Why I kind of do it and how it can kind of help with fat loss

I’m a “kind of” intermittent faster. What does that mean? It means that I kind of stick to a time restricted eating window but don’t stress if it doesn’t work out when I’m traveling or go out to breakfast with someone. It means that I stick to a general eating window, not for extra magical health benefits, but because it seems to work for me. I find that, personally, intermittent fasting helps me control hunger throughout the day and prioritize my hydration - something I’m terrible at - and helps keep me in a good eating routine whether I’m tracking my macros or not.

Curious about what the heck intermittent fasting even is and if it may be a good strategy for you? Read on!


Intermittent Fasting (IF) is a broad term used to describe a pattern of eating in which you restrict your food intake to a specified eating window. While many of us start the day with breakfast at 7am and end with an after-dinner snack at 8pm (a 13-hour eating window), intermittent fasting refers to cutting down that time spent eating to a shorter window.

There is some misinformation behind the idea of intermittent fasting - from some sources claiming that it is the ‘best’ way to pursue fat loss to misconceptions that it is as simple as skipping breakfast and then getting abs. The truth is that we all practice IF to some extent; when we sleep, we are fasting. This period of fasting is important for helping regulate blood lipids and blood pressure, reducing inflammation markers, and stimulating metabolism (all totally normal processes in our bodies). The claim that IF is a helpful fat loss strategy stems from these benefits, but doesn’t mean it’s the magic pill you’ve been looking for.

We know that fat loss requires a calorie deficit, or eating fewer calories than you are burning each day. For that reason,

intermittent fasting can be considered a tool for fat loss because when you eat fewer times during the day, there’s a good chance that you’re taking in fewer calories and creating a calorie deficit.

If intermittent fasting were the secret to rapid and effortless fat loss, then we’d all be doing it and there would be no need for tracking our macros or any of the million other methods used to create a calorie deficit. But as far as body composition changes go, extending our period of fasting beyond the normal period of sleep doesn’t lead to any magical fat loss powers. So, why do people still do it?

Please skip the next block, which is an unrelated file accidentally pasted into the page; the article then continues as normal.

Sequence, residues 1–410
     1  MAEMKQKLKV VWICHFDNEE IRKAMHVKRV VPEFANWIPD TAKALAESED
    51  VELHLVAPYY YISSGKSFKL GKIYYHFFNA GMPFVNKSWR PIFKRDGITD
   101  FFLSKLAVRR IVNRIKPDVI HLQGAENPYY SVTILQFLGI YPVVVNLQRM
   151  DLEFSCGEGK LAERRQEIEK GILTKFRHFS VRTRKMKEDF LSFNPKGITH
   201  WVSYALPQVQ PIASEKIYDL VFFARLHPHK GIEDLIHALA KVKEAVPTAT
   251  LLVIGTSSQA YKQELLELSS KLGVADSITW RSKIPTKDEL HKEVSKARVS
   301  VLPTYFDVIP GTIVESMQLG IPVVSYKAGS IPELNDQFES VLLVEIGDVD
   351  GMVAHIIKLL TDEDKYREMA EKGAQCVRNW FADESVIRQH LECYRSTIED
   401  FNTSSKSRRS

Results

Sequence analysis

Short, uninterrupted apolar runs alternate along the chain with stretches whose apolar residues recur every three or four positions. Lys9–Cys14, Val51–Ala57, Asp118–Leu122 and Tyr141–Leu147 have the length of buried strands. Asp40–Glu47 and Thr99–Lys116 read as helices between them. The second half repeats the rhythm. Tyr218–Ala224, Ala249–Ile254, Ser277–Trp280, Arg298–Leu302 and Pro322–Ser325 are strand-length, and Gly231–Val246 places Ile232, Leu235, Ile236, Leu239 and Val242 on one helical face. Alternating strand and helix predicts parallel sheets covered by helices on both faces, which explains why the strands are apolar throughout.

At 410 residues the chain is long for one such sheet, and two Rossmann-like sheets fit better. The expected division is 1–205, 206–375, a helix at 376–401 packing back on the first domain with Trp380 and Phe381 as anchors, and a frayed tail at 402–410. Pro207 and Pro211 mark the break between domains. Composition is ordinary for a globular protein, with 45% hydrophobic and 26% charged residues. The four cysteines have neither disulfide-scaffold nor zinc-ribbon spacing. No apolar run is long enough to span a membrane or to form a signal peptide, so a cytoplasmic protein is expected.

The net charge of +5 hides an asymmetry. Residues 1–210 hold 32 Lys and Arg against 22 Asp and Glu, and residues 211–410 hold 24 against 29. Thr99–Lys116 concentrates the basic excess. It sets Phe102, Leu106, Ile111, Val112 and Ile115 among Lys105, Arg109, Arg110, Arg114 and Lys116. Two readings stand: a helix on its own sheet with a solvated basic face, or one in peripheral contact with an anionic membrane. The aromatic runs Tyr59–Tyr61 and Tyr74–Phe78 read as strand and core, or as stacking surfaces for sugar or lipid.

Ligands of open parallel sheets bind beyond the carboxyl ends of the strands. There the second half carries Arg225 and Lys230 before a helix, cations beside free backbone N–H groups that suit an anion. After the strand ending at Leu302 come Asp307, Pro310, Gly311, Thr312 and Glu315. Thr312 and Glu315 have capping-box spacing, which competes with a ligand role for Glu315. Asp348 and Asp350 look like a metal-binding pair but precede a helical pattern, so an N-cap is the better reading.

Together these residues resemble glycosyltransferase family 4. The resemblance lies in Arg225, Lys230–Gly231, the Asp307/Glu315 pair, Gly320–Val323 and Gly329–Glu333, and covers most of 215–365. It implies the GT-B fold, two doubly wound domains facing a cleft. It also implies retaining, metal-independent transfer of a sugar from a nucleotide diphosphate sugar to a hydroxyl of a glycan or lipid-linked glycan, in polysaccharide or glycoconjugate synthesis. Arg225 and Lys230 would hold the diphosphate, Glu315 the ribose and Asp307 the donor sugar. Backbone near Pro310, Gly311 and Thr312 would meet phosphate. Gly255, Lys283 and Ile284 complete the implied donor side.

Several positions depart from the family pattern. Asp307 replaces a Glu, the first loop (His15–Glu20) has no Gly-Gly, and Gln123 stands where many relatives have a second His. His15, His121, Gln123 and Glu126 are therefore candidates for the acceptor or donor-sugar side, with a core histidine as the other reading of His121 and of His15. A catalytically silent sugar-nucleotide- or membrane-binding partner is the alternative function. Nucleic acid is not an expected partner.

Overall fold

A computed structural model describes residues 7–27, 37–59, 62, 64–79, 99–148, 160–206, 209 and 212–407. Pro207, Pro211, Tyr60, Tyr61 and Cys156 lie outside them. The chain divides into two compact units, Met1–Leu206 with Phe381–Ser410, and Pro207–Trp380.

Intermittent fasting can make it easier to stick to a calorie deficit by helping you manage hunger and improve appetite control.


If you are already tracking your macros, intermittent fasting does not necessarily change anything about the amount you are eating. Your target macros will be the same, you will just have a shorter eating window in which to hit your macro targets. If you are cutting (in a calorie deficit with the goal of losing body fat) and have issues with hunger, adding some semblance of a restricted eating window can help you control that hunger and reach your hydration targets if you prioritize drinking water during your fasting period.

It’s not magic. It’s important to remember that meal timing is SO far down on the priority list when it comes to what you should focus on as you work towards your goals, but it may be a helpful strategy for some:

IF MIGHT BE A GOOD STRATEGY TO TRY IF ||  you are already feeling comfortable with tracking your macros, you are cutting (in a calorie deficit) and looking to manage your hunger, your schedule supports a time-restricted eating window

IF MAY NOT BE FOR YOU IF || you’re new to tracking macros and still getting the hang of it (no need to complicate the process further!), you don’t have any issues with hunger or hydration, you don’t like it!

Nutrition is not one size fits all, so whatever works for a friend, a family member, or a random person you saw on Instagram may not be the answer for you. There are many “official” IF protocols out there (Alternating Day, Leangains, 5:2 fasting), but giving IF a try can be as simple as just finding an eating window that works for you and your schedule.

Questions about intermittent fasting, if it may be helpful for you, or what my day of IF looks like? As away!